Most efficient way to uphold language skills

. 2 min read

Say you had a mandatory foreign language course in school. Or wanted to learn French to impress the opposite (or same) sex. Or maybe you were one of those manga emo kids that learned Korean or Japanese or Chinese - and pretended actually liked it.

Do you still speak the foreign language or languages you studied at school? Or were you perhaps smart enough to spend a year of your studies as an exchange student and learned to speak like a native - a process that has an irreversible effect on your language skill?

Before I go on, I have to admit I'm not the best example of people who've upheld their language skills. I studied five foreign languages at school, never had an exchange year, and since then I've managed to completely forget how to speak one, lost 70 % of my once accumulated vocabulary on two, one I can still get along in everyday situations, and one I speak fluently. I speak none of these like a native. I'd like to think my pronunciation is good enough for the ones I've got left but the accent might be obvious. I should ask the natives of the respected countries what they think. (Although when I visited New York no one I talked to ever asked me where I was from. But then again I guess that's more of a New York thing. There are so many different nationalities there that practically everyone speaks with an accent.)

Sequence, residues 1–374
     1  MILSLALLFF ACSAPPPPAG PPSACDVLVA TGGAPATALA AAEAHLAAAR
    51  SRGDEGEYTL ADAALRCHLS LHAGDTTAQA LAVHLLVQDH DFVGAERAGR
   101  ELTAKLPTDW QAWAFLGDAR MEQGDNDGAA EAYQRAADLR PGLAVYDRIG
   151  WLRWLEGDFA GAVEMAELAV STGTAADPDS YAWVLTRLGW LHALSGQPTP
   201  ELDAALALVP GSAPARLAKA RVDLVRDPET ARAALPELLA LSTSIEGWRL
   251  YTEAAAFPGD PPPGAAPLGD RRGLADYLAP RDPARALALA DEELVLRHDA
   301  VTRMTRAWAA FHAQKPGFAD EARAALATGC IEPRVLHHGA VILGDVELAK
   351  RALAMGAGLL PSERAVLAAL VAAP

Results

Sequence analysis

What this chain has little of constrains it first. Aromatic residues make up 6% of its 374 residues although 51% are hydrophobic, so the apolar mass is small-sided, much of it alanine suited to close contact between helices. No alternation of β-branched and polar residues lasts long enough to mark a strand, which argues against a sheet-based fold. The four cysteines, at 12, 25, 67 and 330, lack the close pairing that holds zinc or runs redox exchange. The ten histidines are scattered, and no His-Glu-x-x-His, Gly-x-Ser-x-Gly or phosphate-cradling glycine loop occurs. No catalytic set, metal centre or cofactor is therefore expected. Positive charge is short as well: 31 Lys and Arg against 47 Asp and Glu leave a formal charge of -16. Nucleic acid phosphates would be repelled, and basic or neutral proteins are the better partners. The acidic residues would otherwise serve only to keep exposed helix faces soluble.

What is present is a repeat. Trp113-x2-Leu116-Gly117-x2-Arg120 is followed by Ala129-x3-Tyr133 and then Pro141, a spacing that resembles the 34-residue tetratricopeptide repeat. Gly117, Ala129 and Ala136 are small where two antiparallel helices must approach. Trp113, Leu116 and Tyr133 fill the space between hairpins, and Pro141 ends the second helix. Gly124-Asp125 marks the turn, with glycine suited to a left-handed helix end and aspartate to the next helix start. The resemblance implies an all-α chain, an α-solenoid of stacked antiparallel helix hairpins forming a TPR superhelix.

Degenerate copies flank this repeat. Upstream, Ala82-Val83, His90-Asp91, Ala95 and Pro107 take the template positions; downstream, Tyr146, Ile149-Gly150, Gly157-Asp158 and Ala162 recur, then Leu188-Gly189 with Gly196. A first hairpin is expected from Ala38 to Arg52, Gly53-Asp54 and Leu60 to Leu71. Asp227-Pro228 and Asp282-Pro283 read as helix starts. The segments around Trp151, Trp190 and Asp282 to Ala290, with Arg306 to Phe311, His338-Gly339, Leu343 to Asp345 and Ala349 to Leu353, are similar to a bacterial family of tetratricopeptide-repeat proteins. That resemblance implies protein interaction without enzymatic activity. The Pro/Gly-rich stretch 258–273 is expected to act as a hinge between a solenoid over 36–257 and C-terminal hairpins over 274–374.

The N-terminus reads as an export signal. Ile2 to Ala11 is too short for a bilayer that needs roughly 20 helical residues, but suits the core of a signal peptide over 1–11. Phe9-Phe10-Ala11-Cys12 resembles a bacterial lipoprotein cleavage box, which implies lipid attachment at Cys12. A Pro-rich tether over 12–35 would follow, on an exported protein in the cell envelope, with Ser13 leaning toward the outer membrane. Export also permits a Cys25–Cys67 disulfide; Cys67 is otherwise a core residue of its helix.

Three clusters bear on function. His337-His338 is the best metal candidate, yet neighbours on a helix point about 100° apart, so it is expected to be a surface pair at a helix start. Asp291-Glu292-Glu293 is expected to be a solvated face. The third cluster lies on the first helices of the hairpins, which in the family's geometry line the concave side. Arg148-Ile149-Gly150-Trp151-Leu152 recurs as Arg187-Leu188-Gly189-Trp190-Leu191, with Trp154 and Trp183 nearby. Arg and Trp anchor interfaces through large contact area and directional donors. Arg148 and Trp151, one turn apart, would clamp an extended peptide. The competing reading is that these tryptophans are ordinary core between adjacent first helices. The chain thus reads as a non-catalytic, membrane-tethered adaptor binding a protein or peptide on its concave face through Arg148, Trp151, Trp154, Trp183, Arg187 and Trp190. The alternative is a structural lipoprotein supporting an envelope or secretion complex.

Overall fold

Anyway, sometime between finishing high school and starting university (there were a few years in between) I was working in different jobs and knew I would lose the fragments of the skills I had left so I came up with a nice routine. I used to take long walks as a hobby back then, so it offered an easy and efficient time to put on headphones and listen to foreign radio. I used to listen to this one channel that was broadcasting news and other pieces about current events in different languages on different hours. I soon learned that German hour was from 10 to 11 am, and English was sometime in the afternoon. So I scheduled my walks so that I could listen to the German radio while walking.

I admit, it was difficult to understand it at first, since the presenters were speaking with a native accent, not with the clearly pronounced "school German" I'd been used to. But the program had such a structure that certain voiceovers with certain words would be repeated every day at the same time, and I could soon learn to conclude the meaning of new words from the context.

I learned a lot of new words, including a whole new set about the weather forecast, during that time. And somewhat interestingly, hearing the language regularly every day for an hour made dream in German at night. And soon enough I would even think in German.

If you've been wondering how to revive your lost skills, try this. You may be surprised how much you remember about the language.